Now you’ve got a clear idea of your goals, it’s time to create an actionable checklist. Beak each activity down into small steps to take. That will help you delegate jobs and keep an eye on overall progress.
Of course, your tournament will have its specific complexities, so fill in the gaps as you go.
Confirm your budget. Has it changed? Is your tournament still achievable within it? Have you allowed for contingency?
What are your tournament’s rules? Confirm them then let everyone know.
Develop your on-the-day schedule. Which staff and volunteers need to be where, when? When do other organisations need to arrive? What time should your teams show up?
Remember to stay in touch with your venue, especially if you rely on them for unlocking. Confusion can lead to disaster.
With your team, define your marketing activities. Who will write and design your materials? How will you promote your event? What is your message? Which social channels will you use, and how?
Define your marketing strategy. Who will write and design your materials? How will you get the message out? And what is your main message?
Take advantage of all the social channels and contacts you have. Reach out to your newspaper. Will they come along? If not, will they accept a press release from you?
Maintain regular contact with your teams. Follow up directly with teams who are unresponsive to confirm attendance. It might be a good idea to delegate team communication to one person. After all, without enough teams, the tournament will fail no matter what.
Health and safety
Keeping everyone safe is critical. Carry out a risk assessment and address the risks you identify.
Who is your qualified first aider, and do they have the kit they need? Your venue or local government might be able to help with this.
Make sure your staff understand the health and safety procedures and what their roles are in an emergency.
Keep a note of which staff, match officials and volunteers have confirmed attendance. Send text and email reminders often, especially as the tournament date nears.
List everything you’ll need. What about balls, bibs, cones, soccer goals, gazebos, prizes and branded clothing. Consider your players’ ages and get the appropriate kit.
You might even consider providing a set of equipment such as soccer rebounders to keep non-playing teams engaged – would also be a great selling point when marketing your tournament too.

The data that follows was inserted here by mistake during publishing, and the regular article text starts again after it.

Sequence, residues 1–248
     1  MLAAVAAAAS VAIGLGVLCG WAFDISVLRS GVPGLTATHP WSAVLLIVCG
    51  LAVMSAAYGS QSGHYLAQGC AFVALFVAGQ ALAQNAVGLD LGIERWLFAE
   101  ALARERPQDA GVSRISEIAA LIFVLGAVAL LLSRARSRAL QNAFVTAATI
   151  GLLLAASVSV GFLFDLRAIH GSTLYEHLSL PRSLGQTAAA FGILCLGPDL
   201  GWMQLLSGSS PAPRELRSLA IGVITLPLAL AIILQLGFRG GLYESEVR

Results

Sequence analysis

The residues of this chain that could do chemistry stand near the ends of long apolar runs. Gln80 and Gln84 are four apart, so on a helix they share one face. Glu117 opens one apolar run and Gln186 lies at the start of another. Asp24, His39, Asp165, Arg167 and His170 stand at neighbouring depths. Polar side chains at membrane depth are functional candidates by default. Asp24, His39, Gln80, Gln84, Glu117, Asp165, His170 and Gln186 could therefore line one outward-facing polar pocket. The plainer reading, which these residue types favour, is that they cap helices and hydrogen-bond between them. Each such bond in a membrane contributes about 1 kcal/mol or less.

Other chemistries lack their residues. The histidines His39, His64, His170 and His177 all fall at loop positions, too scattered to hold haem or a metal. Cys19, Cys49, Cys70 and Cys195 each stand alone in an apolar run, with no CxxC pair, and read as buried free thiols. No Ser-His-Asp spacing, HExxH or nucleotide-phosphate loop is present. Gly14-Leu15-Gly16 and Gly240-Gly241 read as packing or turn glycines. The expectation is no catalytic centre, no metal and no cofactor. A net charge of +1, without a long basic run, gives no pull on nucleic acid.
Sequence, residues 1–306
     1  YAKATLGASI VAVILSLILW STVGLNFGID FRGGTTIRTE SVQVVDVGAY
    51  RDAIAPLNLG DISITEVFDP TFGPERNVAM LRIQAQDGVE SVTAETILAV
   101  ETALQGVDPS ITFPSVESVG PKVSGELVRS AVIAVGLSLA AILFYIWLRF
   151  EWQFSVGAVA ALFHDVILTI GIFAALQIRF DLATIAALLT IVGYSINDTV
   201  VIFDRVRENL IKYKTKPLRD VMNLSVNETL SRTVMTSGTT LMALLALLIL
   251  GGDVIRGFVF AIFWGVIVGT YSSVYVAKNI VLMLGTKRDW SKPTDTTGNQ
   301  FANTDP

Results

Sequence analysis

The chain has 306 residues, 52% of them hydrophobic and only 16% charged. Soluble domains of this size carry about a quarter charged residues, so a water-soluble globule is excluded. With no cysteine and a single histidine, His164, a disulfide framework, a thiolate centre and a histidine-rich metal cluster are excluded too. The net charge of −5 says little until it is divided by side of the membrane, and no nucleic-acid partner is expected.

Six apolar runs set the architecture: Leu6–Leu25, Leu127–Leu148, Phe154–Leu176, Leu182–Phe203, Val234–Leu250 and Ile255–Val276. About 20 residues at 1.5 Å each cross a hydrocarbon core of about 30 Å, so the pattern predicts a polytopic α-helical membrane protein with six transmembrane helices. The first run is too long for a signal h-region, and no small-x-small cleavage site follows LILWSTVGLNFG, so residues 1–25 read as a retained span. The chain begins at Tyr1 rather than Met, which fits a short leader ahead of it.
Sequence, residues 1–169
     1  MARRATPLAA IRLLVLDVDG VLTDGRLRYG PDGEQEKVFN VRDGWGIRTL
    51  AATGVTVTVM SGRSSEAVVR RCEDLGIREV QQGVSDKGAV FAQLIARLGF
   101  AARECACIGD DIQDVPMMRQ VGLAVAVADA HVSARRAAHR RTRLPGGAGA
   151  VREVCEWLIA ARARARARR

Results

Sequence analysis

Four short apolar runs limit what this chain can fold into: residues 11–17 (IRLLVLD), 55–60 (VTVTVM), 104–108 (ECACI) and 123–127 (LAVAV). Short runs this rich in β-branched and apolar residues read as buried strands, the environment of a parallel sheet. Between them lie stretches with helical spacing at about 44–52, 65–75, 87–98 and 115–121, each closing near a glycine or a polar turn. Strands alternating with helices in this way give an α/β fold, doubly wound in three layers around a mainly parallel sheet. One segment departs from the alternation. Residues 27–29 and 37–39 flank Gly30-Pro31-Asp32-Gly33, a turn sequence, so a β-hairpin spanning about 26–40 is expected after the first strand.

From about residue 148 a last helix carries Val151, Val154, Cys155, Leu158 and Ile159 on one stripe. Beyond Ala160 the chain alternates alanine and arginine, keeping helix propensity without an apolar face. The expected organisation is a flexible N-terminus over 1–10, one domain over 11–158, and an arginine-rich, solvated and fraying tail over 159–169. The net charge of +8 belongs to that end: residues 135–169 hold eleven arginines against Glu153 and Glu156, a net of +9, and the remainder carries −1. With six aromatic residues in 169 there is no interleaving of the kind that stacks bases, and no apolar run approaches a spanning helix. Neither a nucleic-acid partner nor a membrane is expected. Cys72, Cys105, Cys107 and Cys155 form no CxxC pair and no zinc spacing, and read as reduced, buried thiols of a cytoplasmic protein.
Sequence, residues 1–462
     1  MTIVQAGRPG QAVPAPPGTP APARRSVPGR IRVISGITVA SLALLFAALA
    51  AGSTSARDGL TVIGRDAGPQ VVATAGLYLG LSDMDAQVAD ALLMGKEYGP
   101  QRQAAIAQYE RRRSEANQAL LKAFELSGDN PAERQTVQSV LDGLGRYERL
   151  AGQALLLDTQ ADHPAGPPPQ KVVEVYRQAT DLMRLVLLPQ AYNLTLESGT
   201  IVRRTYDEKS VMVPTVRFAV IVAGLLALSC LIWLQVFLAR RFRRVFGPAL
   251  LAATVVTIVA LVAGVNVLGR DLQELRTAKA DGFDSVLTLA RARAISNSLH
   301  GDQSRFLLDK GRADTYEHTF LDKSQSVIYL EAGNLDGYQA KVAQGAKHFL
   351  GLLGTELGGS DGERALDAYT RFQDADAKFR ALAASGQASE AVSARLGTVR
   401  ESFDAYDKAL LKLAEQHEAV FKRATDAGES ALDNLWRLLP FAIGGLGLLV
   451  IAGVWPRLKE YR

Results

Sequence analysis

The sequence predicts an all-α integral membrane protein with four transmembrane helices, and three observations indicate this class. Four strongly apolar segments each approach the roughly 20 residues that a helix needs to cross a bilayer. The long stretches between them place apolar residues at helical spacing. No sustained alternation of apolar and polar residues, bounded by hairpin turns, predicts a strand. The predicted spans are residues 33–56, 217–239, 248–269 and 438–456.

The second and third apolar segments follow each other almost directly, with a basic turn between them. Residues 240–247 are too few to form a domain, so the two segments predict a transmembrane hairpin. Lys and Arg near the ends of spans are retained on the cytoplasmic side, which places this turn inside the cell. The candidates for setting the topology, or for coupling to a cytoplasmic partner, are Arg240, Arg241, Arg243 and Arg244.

For each item, ask some questions. Where is that coming from? Who is collecting it, and when? Who is responsible for returning it? Making sure everything gets home safely increases your chances of borrowing it again next time.
Keep everyone informed
Make sure your sponsors and partners know the timings, access arrangements and anything they’re expected to do on the day. Manage their expectations and make sure they have a smooth experience, and you’ll likely get their involvement next time.
Is there anything else?
Involve your staff at each stage. Is there anything you’ve overlooked?
One extra thing you might consider is collecting email addresses or phone numbers on the day. That will help you build your community engagement, leading to new members, volunteers and sponsorship opportunities.
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Step 4: Co-ordination on the day
By the morning of the tournament, all your research and planning will let you execute a brilliant event. Remember to let the event run, without micro-managing it.
Before your teams arrive, have a final briefing with your staff and volunteers, and then let them do their jobs.
Keep yourself free to respond to problems as they come up and create a great experience for everyone involved.
If they weren’t there, send a short press release and photographs to the newspaper. You can write most of that in advance, and fill in the numbers afterwards.
Make time during the day to thank all your participants. At the end, get your team together to congratulate. Oh, and don’t forget to enjoy it!back to menu ↑
Step 5: Evaluating your tournament
On the day, talk to as many of your participants as you can. Get immediate feedback and impressions. That will help you evaluate your event – and possibly improve it immediately.
There’s bound to be a couple of things to wrap up. Did all your equipment get back to where it needed to go?
A couple of days after the event, send a thank you message to everyone involved. That’s also an opportunity to ask for any feedback.
When you sit down to evaluate, go back to your original goals. If it was to fund-raise, did you meet the target? Ask what could be improved for next time, but don’t act on ideas that take you away from the tournament’s purpose.
If the tournament was a success, you might want to run it again! They are a lot of work, but each time they get easier, as you can re-use a lot of the groundwork you did this time around.
Are you organizing your first tournament? I wish you good luck and good weather! I’d love to know how it goes. Send me the photos!